Story and photography by F.M. Kearney
It’s something that usually isn’t given much conscious thought, yet it’s like that one obscure ingredient that can make or break a recipe. Its effects aren’t as obvious as your choice of aperture or shutter speed, but nevertheless, it is just as important. What I’m referring to is perspective.
Contrary to popular belief, your perspective is controlled by your viewpoint — not the focal length of your lens. The only reason the perspective of wide-angle and zoom lenses is so different from normal is because they “view” drastically more or less of the scene. Focal lengths ranging from the mid-teens to the early twenties can provide dramatic landscape views. This is great if you want to include a very close foreground and a background that might be miles away. Sometimes, however, a scene might call for just the opposite kind of perspective.
I rarely use my zoom lens for its intended purpose. More often than not, I can easily walk right up to the subject and shoot it at a much shorter focal length. But, a longer lens delivers a compressed perspective. This is because less of the scene is in view. The foreground, middle-ground and background all appear to be closer than they actually are, providing a much tighter composition.
I came across the scene above while walking along Hessian Lake in Bear Mountain State Park in upstate New York one winter. I was several hundred feet away when I noticed the small rock in the middle of the lake and its proximity to the shoreline on the right. The trees in the background were approximately the same distance away from the rock, and their reflection in the calm water helped to complete the shot. To tie all of this together in a nice neat package, I photographed it at a focal length of 180mm. I then started walking closer to the scene, along a path running parallel to the lake. The closer I came the more my viewpoint changed, and the composition began to break apart. As the length of the reflection diminished, the distance between the rock and the distant shoreline increased. When I was fully upon the scene, there really wasn’t much of a scene left. All of the elements that originally made this shot so interesting were now scattered all over the place.
In addition to being useful for compressing large amounts of space, the effects of a long lens are even more noticeable on a much smaller scale. However, using the long lens this way requires a certain amount of previsualization. The sage bush above is the type of subject most people would walk right by without even noticing. In fact, I almost did that myself until I took closer note of the light. The front of the bush was in the shade, but its rear was lit by a bright shaft of sunlight. A few pockets of daylight were peeking through in the background. It was the typical type of lighting you would expect on a sunny day — lots of contrast with blown-out highlights and blocked-up shadows. I shot this image at 24mm.This perspective had all the elements for a potentially great shot, but everything was just too spread out. I knew I could tie all of this together much better with a longer lens.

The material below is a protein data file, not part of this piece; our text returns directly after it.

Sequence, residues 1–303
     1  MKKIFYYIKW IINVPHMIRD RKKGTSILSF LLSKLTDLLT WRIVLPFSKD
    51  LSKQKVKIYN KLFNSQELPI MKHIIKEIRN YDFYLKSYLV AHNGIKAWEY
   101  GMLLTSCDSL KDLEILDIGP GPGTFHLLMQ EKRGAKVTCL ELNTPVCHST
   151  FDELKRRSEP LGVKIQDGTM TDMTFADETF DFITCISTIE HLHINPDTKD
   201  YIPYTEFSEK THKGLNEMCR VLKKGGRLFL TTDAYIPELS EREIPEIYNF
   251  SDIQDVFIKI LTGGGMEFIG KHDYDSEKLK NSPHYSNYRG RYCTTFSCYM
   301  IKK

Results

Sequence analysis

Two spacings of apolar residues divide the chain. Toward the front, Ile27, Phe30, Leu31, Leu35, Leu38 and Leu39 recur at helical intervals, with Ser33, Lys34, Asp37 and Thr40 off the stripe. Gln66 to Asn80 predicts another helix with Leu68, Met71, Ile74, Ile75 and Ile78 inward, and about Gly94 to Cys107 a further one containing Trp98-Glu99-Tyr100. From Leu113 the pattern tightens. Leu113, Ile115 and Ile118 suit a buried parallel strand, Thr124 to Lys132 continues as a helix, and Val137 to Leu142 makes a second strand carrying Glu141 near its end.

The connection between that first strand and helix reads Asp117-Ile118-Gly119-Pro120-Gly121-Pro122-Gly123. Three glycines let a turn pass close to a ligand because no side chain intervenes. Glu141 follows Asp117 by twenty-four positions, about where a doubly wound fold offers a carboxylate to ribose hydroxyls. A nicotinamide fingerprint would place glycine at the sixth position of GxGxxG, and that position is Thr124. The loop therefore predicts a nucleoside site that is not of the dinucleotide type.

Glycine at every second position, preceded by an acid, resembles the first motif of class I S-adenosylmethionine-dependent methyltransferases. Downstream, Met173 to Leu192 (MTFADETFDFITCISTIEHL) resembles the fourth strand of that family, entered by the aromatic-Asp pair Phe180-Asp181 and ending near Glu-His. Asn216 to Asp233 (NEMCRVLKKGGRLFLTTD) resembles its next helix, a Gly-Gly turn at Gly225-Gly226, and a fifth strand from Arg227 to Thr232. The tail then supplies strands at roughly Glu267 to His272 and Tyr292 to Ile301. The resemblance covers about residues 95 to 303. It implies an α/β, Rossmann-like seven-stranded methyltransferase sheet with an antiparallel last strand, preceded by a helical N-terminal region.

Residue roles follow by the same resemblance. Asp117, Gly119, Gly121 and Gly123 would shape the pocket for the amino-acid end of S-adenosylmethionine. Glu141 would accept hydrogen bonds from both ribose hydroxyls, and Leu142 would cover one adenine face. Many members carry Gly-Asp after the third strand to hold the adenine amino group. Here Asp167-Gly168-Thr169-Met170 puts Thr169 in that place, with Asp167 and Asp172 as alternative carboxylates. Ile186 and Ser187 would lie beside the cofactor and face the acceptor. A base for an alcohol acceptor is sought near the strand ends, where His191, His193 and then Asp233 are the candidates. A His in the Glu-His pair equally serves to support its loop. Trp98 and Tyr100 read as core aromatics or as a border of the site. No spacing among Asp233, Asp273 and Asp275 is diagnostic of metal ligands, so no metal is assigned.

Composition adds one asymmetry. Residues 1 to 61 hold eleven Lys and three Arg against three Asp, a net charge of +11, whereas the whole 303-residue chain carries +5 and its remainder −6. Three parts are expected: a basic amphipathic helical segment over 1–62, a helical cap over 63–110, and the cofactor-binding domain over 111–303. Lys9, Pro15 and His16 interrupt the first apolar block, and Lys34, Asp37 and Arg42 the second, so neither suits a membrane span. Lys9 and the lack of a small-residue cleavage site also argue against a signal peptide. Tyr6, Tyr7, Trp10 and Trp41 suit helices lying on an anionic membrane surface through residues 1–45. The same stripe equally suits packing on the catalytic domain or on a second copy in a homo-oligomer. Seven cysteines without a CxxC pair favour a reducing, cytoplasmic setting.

I never know exactly what to expect when I compress scenes like this one, but I’m rarely disappointed. At 200mm, all of the disjointed and distracting elements were compressed into a much more cohesive and attractive package. I singled out an individual stem and used a flash — not just for better lighting, but to help emphasize the color and texture of the tiny blooms. The harsh, sunlit areas were transformed into soft patches of color, and the daylight in the background became beautiful bokeh.
When surveying a scene, it’s important to think beyond the basics of aperture and shutter speed. Just because you’re able to incorporate all the components necessary for a successful shot at a particular perspective does not always mean that it’s the best perspective. Are all the things that initially caught your eye prominent in the shot, or are they scattered about and/or blending into the background clutter? If so, a change in perspective might be in order.
Try not to think of a long lens (be it a telephoto or a zoom) as a tool only to be used when you want to shoot something very far away. Using it to create a compressed perspective — in order to highlight specific details — can yield some pretty amazing and surprising results.
F.M. Kearney began his career as a photojournalist for a variety of local New York City newspapers. It was an exciting profession, which allowed him to cover everything from famous celebrities to ride-alongs with the NYPD and the FDNY. He now specializes in nature and urban landscapes. As an award-winning photographer, his images have been licensed on many products and published in numerous publications, as well as exhibited in galleries in the United States and abroad. To view more of his work, visit www.starlitecollection.com. Kearney can be contacted at email@example.com, or via Facebook, Twitter or LinkedIn.